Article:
It has been called “the clown of the orchestra” and “the burping bedpost”, among other things.
But it’s no laughing matter for Nadina Mackie Jackson.
In fact, the Toronto-based musician has made a successful career playing the deep-voiced bassoon, a double-reed woodwind with a rich history as a solo instrument.
Mackie Jackson’s love affair with the bassoon began at age 13, when she heard a solo performance by Canadian legend George Zukerman – a man her musical partner, trumpeter Guy Few, calls the “high priest” of the bassoon.
“I can still remember the sensation I had. When I heard that instrument, I really craved it, I really wanted it,” she says.
“And I had no idea, beyond having heard the orchestra examples of what it could be. I had no idea what existed for it.”
Mackie Jackson has since discovered “tons and tons of repertoire” for the bassoon, including over 6,000 concertos – 39 of them written by Antonio Vivaldi alone.
“He’s writing these in the late 18th century, and he had such an understanding of the technical possibilities of the instrument. They’re so colourful, they’re so varied, and so challenging.”
Long after the Baroque era of Vivaldi and Telemann, composers are still writing for the bassoon.
Mackie Jackson and Few – who have performed together for nearly seven years as the duo Guy and Nadina – are working on an album of Canadian concertos, most of them commissioned especially for them.
And when the prolific Montana composer, Eric Funk, heard them perform his concerto for bassoon and brass quintet, he immediately wrote a complex symphony, called For the End of Humanity, specifically with them in mind.
When Guy and Nadina appear at the Yukon Arts Centre next month, they will present their “tour story-telling” program.
“It’s a real selection, from early music of Boismortier and Bach, right through to more contemporary things,” Few explains.
“We have some beautiful pieces and modern arrangements of traditional pieces. We have some French music, we have some tango. It’s a real mix.”
Interspersed with the music will be stories from the duo’s experiences as touring musicians.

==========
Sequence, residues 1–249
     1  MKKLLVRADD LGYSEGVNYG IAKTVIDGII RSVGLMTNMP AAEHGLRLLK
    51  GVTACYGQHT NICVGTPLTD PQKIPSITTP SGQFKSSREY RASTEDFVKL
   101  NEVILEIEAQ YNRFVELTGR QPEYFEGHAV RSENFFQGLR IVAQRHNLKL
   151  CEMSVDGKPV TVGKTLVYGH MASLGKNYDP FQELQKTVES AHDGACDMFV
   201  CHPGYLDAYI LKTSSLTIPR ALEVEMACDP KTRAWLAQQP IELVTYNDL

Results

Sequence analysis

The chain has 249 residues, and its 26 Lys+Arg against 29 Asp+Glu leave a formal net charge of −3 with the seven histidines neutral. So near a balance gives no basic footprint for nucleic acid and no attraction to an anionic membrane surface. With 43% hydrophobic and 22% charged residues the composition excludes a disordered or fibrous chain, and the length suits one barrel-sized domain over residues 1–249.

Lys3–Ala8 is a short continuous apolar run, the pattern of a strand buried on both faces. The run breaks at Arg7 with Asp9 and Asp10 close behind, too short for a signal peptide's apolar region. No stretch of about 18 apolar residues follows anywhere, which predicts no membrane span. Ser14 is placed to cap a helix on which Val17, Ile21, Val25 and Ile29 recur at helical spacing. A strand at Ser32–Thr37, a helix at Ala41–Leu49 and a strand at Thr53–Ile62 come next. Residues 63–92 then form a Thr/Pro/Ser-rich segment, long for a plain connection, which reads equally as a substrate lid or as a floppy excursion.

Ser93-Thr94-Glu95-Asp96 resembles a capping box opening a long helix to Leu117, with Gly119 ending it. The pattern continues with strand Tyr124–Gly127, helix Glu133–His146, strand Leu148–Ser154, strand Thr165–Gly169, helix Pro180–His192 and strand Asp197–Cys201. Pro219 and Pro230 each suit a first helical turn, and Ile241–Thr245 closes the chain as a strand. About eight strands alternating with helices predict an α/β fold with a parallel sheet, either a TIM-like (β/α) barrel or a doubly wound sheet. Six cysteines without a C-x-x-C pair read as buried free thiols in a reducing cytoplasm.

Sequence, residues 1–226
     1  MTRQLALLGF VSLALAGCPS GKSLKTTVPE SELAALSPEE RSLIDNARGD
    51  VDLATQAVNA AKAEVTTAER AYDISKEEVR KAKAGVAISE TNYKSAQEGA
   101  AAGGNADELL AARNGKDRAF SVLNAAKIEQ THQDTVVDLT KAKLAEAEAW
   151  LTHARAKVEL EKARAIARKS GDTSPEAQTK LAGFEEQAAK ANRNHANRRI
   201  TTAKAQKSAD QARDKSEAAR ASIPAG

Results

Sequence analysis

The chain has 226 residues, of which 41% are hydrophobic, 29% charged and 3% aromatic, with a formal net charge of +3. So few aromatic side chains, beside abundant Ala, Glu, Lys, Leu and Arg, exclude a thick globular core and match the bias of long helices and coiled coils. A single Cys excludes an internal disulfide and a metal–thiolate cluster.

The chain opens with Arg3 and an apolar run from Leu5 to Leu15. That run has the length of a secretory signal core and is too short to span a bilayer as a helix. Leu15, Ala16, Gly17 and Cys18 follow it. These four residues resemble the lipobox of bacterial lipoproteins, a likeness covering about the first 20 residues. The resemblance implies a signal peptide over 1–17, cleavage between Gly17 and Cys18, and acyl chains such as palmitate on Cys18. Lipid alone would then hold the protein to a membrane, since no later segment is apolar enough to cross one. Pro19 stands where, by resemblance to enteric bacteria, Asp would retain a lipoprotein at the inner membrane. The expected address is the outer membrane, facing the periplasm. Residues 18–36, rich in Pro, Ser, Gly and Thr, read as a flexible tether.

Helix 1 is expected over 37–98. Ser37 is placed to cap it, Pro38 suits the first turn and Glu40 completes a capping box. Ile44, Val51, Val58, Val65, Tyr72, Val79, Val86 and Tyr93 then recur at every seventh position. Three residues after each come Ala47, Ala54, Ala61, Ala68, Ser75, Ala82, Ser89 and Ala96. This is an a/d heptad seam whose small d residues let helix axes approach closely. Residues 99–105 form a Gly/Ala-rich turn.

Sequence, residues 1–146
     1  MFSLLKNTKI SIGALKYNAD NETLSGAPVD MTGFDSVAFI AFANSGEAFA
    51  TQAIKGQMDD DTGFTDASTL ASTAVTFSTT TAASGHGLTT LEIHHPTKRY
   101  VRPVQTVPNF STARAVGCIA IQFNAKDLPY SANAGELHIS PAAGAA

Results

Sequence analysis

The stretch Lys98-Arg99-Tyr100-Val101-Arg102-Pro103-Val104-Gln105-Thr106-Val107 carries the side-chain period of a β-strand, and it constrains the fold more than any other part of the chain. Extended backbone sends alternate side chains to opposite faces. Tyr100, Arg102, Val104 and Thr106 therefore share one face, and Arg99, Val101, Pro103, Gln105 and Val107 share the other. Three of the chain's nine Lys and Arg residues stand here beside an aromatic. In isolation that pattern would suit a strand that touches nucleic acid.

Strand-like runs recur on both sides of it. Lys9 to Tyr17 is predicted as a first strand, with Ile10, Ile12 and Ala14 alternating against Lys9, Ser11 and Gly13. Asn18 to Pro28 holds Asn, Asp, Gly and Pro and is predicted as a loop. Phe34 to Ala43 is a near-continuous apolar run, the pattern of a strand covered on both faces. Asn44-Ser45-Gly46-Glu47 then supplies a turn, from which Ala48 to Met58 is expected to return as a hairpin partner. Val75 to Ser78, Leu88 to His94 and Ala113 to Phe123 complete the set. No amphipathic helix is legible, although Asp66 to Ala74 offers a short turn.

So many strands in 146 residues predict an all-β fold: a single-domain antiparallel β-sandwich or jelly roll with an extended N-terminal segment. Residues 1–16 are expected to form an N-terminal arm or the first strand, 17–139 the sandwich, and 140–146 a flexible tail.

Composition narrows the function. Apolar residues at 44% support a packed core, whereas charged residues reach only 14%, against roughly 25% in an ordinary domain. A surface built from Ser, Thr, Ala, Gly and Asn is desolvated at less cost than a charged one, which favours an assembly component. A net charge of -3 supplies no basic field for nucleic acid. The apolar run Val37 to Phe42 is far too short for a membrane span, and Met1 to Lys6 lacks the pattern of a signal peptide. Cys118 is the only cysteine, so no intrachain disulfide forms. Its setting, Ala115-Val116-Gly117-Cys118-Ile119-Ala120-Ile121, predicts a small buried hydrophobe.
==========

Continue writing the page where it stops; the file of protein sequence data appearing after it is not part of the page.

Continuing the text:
“Each of the pieces kind of goes with the story that precedes it or, in some cases, follows it,” he says.
One story they may not include is how Mackie Jackson went from being a teenager fascinated by an unfamiliar instrument to becoming what Few describes as “the best bassoonist in the world”.
At the time, Mackie Jackson was living off-the-grid near Prince George, B.C., where her parents ran a log-building school.
Despite having “very enthusiastic” band teachers, the closest place she could find a bassoon teacher was Vancouver.
Once a month she would fly south for a lesson, then sleep in the airport waiting for the next day’s return flight, using her bassoon case as a pillow.
One night, she was awakened by an RCMP officer.
“She thought I was a runaway kid. And I said, ‘No, I’m here for bassoon lessons,’ and for some reason, she believed me.”
At 16, Mackie Jackson entered the music program at University of British Columbia.
“The new bassoon player in the symphony there was a fantastic player, and that’s when I heard what it could really do. And then your imagination takes off,” she says.
The idea of forming a bassoon-trumpet duo probably had its origins during her days as a member of the Montreal Symphony Orchestra.
“I’ve always loved the trumpet. Bassoons always sit in front of the trumpets in orchestras, so I’ve dated a lot of trumpeters,” she laughs.
When she first heard Few – who plays several brass instruments as well as piano – hearing his “voice” on the trumpet evoked a physical sensation that made her want to team up with that instrument.
“It’s like a touch, a gentle touch, that you can recognize. And you just find music that will work for it.”
Besides touring, Guy and Nadina have produced several CDs and appeared frequently on CBC. Their numerous long-term projects include a film project with the cryptic title of Alien Baby and the Spinning Marble, and a possible collaboration with singer-songwriter, Valdy.
Guy and Nadina perform Saturday, January 21 as part of the Whitehorse Concert series.
As well as their acclaimed musicianship and the colourful fashion sense that is the duo’s signature, they intend to offer an engaging evening.
“Guy and I both have short attention spans, so it has to be interesting for us, and then we assume it will be interesting for the audience,” Mackie Jackson says.